Monday, May 29, 2006

Chicago, take two

I've registered for the Chicago Marathon in October. I ran it two years ago, but the experience was marred somewhat by foot pain in the last six miles. I never did find out exactly what was wrong, but it probably wasn't anything serious, since it went away on its own after a two-week hiatus and a new pair of shoes. At the time, though, it REALLY hurt. There's good pain and bad pain, and this was most certainly of the bad variety.

So, even though as a rule I'd like to try new marathons, I'm redoing this one because I want good memories (and a PR, gosh durnit) associated with it. Michelle is doing the Indianapolis Marathon and Margaret, the Philadelphia Marathon, so the trio is splitting up this fall, but I'm pretty excited to hear about the different experiences training and racing these different marathons in different parts of the country. These days I REALLY miss the team aspect of running, but at least in some small way we can keep the team-ness alive.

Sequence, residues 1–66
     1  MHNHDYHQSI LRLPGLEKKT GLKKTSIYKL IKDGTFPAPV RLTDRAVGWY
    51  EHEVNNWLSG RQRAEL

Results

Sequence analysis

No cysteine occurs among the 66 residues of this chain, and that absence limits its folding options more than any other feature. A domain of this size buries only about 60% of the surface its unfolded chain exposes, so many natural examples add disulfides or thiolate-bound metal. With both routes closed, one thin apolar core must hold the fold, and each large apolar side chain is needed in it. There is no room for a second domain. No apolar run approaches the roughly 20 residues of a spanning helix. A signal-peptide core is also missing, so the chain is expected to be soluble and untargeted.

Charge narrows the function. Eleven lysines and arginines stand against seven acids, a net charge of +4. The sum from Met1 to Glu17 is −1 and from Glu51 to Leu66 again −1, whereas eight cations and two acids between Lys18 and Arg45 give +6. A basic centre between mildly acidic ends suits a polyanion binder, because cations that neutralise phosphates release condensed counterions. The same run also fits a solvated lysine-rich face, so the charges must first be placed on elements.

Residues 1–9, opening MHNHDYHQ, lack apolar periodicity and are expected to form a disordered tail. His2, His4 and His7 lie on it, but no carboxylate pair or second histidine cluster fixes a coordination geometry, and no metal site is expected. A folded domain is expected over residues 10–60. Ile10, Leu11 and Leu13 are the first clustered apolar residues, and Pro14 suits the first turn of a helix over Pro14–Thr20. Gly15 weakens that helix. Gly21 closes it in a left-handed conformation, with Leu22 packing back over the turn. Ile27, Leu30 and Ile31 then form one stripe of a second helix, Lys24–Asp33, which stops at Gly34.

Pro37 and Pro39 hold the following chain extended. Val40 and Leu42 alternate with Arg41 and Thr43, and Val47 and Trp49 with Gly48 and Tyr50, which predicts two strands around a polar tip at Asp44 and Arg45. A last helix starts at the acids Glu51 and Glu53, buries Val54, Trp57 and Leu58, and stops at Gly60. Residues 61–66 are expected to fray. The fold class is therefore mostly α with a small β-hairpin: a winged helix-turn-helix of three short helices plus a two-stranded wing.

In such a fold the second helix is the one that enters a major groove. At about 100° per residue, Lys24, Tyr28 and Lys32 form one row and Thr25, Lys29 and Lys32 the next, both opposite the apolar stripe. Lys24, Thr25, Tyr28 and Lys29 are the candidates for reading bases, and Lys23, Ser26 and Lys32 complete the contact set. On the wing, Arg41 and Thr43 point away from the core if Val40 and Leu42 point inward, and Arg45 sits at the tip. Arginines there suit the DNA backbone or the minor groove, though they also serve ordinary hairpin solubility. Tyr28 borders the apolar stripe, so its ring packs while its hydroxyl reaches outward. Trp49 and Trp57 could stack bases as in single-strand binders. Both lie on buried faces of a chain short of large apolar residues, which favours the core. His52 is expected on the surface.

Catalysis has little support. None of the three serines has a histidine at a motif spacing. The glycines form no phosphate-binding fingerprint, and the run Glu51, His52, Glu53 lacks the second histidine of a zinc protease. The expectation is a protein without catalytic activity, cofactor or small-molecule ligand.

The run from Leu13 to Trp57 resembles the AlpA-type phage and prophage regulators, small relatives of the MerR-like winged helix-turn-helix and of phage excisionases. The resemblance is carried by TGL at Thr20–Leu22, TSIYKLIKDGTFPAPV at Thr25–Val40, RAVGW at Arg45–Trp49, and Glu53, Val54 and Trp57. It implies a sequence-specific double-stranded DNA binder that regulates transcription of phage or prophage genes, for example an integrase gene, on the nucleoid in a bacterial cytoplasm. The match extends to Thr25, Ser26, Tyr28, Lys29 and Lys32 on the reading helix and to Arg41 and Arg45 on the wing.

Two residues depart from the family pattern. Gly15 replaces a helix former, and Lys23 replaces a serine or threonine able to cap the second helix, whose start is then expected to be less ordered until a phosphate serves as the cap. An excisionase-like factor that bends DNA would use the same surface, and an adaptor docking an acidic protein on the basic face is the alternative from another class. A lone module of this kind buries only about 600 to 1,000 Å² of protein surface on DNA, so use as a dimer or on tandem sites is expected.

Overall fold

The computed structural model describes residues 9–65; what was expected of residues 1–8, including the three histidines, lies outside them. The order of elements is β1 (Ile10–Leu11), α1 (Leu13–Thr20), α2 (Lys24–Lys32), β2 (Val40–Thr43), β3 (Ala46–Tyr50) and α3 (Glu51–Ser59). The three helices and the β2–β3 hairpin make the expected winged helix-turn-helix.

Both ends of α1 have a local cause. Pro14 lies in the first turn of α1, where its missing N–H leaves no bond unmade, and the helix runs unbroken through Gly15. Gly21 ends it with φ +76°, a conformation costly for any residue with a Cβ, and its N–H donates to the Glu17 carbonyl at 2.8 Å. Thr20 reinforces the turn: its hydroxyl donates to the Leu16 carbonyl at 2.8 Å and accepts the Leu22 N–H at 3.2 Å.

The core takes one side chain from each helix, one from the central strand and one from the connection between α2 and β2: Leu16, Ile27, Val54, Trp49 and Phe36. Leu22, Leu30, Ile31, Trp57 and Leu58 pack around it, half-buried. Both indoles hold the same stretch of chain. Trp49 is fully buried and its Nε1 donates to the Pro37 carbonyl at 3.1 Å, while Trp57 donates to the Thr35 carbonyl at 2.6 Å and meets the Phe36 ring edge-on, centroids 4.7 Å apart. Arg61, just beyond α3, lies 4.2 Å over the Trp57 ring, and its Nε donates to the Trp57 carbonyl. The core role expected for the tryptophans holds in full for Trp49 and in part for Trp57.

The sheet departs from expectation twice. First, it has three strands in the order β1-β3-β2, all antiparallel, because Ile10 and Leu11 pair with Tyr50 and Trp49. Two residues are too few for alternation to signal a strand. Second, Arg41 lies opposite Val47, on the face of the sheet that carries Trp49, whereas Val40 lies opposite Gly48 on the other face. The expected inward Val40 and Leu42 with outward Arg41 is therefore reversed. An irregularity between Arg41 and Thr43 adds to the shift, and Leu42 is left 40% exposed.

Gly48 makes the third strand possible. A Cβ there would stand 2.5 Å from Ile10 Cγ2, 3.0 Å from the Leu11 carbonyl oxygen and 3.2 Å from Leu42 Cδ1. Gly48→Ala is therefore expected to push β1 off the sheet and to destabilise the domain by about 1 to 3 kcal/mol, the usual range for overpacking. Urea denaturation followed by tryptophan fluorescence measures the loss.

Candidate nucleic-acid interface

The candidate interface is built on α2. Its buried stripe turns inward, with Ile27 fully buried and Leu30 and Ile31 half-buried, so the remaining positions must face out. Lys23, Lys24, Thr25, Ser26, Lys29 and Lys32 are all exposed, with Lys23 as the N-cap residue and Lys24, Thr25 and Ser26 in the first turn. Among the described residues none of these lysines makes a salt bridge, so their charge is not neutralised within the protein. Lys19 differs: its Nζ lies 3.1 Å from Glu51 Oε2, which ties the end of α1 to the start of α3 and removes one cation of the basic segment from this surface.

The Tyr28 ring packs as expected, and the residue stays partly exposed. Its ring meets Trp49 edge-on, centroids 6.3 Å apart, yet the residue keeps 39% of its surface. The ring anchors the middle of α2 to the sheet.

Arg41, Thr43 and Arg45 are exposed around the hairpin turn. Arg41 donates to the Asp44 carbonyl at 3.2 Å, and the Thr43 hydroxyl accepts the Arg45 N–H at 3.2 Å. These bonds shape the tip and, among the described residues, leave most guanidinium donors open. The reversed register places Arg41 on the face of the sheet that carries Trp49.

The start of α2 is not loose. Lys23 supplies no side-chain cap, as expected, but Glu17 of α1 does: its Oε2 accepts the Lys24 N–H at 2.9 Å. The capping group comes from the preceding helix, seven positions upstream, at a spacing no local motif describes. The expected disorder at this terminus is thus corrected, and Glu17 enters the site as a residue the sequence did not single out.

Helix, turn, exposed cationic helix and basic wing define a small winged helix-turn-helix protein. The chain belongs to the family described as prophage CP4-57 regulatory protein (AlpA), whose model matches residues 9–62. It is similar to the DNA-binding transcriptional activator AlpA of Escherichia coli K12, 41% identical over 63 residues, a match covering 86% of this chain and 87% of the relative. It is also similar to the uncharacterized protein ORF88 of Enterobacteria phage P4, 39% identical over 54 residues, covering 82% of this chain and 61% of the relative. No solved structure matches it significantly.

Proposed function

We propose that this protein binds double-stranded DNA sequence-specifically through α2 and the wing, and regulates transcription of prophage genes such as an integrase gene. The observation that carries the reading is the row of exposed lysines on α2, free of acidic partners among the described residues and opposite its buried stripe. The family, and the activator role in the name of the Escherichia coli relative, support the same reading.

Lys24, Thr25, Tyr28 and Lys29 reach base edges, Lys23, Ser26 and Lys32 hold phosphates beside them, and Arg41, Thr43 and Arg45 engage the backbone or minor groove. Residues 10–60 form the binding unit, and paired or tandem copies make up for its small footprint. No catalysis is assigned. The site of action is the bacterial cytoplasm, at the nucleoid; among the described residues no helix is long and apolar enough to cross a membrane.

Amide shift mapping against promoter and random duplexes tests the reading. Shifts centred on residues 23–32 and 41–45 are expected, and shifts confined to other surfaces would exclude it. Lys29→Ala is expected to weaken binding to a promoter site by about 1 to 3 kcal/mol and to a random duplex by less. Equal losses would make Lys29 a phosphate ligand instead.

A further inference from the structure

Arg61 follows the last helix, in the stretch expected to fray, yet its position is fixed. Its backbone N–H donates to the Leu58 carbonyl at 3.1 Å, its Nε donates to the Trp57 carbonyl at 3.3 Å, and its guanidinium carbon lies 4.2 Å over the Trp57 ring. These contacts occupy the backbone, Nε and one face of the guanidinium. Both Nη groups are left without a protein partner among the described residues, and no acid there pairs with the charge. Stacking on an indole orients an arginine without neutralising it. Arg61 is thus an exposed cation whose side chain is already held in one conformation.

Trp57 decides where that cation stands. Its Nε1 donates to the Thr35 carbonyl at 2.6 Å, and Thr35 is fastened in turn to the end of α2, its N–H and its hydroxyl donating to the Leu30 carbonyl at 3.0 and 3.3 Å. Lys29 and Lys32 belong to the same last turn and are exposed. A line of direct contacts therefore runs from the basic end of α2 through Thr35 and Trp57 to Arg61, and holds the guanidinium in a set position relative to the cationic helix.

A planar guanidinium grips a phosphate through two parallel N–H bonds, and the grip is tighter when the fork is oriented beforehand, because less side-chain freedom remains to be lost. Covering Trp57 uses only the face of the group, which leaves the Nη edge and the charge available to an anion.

I've stayed very motivated after the Country Music Marathon, and am hoping to translate this into some good 5K and 10K times this summer and fall. I've haven't run a good 5K since my 20:52 in college and for the 10K, it's really been since high school sometime, a 45-someodd. It would be really neat to PR in 5K, 10K, half-marathon, and marathon before the year is out...but, we'll see. Gotta get the training in, and beat the summer heat, first.

I started reading War for the Oaks and Seabiscuit. Both are enjoyable. I first heard of Oaks from Hannah's bookshelf in college, and always remembered it because I loved the title so much. So when I stumbled across it at the Caveat Emptor, I couldn't resist. If this is urban fantasy, I should get into some Charles de Lint. Seabiscuit is something I've wanted to read for a long time, and especially since I read an article about the author, Laura Hillenbrand. She's a journalist who suffers from chronic fatigue syndrome and vertigo; she can't really travel and sometimes literally cannot get out of bed. Yet somehow she managed to research and write this incredibly detailed piece of literary journalism/history. The story has always appealed to me. Besides, it's inspiring for me as a runner, even though the runner in this story is a horse. After what happened to Barbaro, I sort of gravitated toward this one.

I got glasses. So, now I can see, and I look nerdier than ever. SWEET. =)
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